It was difficult to leave something that I loved passionately. Confucius said, if you love what you do, you never work a day in your life. That's been my career. I loved my profession and the dental school of which I was fortunate to be dean. I could have left it several times for other offers and I chose not to. I could have moved up in the university administration, and I chose not to. I had a passion to take a good dental school to the great levels that I knew it was capable of achieving.

There were outstanding deans before me, and as you know, you build an organization on consistency – consistency of core values, consistency of efforts and vision over time. Core values never change, they're timeless. Consistency, in my view, distinguishes the truly great leaders. They have a relentless drive for excellence, change, and progress. They have to bypass their charisma and find out what they can be passionate about and best at, and then have the courage to do it.

Put it this way. There are a lot of people who are good—people get to levels of doing things very well. But the difference between good and great can come down to one thing, in my mind—great leaders just outwork everybody. It's not necessarily that these leaders put more time in, they're just more productive in that time. To me, one of the major differences in leadership is the commitment and passion to be the best that you can be. When you build your teams, if you can identify this vision for your teams, they wake up every morning to be the best they can be. It becomes their passion.

Jim Collins wrote in his book, Good to Great, if you can create a team with those kinds of people, it's amazing what you can build. If you can create an environment of trust and respect, where everyone feels secure about who they are and what they are doing, and they feel comfortable enough to take risks, to challenge you and disagree with you as a leader—it's all based upon a passion to make the institution better. Collins said, "Greatness is not a function of circumstance. Greatness, it turns out, is largely a matter of conscious choice and discipline."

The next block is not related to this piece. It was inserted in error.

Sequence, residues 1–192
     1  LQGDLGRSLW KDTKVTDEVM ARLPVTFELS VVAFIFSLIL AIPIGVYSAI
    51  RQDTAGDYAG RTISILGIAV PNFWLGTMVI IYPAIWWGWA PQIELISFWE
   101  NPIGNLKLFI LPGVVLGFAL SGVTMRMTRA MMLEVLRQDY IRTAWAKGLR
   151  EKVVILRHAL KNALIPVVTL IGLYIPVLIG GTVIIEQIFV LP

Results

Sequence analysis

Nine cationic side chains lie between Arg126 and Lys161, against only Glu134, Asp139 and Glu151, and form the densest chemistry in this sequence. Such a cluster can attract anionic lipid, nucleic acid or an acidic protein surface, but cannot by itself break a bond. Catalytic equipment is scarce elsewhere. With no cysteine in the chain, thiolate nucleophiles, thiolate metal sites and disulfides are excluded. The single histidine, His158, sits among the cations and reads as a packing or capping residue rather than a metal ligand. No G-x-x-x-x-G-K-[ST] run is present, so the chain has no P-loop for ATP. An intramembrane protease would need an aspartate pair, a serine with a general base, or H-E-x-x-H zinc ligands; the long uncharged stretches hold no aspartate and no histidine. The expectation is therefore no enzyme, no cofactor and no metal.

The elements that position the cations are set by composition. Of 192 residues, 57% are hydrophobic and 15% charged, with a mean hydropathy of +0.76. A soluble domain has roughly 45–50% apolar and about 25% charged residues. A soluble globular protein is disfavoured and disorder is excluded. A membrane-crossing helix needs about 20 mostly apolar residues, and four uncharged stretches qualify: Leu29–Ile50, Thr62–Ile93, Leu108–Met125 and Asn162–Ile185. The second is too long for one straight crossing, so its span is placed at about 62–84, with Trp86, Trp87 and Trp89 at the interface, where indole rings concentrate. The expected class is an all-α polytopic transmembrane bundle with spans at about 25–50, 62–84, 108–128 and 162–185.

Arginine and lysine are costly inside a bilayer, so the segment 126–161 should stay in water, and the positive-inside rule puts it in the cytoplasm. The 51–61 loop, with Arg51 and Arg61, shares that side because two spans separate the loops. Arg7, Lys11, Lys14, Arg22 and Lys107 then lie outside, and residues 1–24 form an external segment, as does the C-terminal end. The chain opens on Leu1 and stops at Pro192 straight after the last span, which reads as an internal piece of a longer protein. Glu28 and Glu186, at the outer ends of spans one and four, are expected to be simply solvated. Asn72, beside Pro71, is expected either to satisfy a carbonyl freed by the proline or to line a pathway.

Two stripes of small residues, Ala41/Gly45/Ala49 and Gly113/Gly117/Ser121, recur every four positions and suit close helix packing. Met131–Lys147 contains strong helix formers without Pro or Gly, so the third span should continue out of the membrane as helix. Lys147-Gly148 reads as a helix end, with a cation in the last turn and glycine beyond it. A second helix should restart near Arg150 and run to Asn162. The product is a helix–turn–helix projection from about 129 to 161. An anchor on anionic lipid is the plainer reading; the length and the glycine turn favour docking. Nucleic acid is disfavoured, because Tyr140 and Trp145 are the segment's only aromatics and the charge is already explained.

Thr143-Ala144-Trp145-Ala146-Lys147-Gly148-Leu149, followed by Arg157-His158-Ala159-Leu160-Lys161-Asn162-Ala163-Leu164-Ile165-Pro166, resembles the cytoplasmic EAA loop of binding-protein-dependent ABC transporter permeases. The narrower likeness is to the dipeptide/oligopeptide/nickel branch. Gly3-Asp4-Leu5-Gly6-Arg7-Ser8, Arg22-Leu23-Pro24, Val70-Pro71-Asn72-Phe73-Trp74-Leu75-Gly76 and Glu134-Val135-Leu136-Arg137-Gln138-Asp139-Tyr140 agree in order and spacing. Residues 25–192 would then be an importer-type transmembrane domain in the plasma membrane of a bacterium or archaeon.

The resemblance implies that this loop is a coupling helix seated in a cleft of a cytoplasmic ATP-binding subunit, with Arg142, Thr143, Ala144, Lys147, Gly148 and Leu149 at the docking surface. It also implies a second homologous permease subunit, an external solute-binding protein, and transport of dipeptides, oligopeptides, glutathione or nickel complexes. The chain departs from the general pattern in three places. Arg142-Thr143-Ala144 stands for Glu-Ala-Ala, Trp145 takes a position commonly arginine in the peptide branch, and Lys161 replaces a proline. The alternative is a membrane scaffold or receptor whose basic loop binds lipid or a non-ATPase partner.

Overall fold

Thank you for your time and insight.

Suggested Reading

Collins J. Good to Great. New York, NY: HarperBusiness; 2002.
Goleman D. Emotional Intellilgence. 10th Anniversary Edition. New York, NY: Bantam Books; 2010.
Hersh RH, Merrow J. Declining by Degrees: Higher Education at Risk. New York, NY: Palgrave Macmillan; 2005.

About the Interviewee

Dr. Arthur A. Dugoni is the dean emeritus of the dental school that now bears his name at the University of the Pacific, San Francisco. A former president of the American Dental Association, he is the immediate former president of the ADA Foundation. Among his many awards and recognitions throughout his career, in 1998 Dr. Dugoni was elected to the FDI World Dental Federation List of Honour, the highest award the FDI can bestow on a member and is limited to thirty living members throughout the world who have made distinguished contributions to the international dentistry and the World Dental Federation.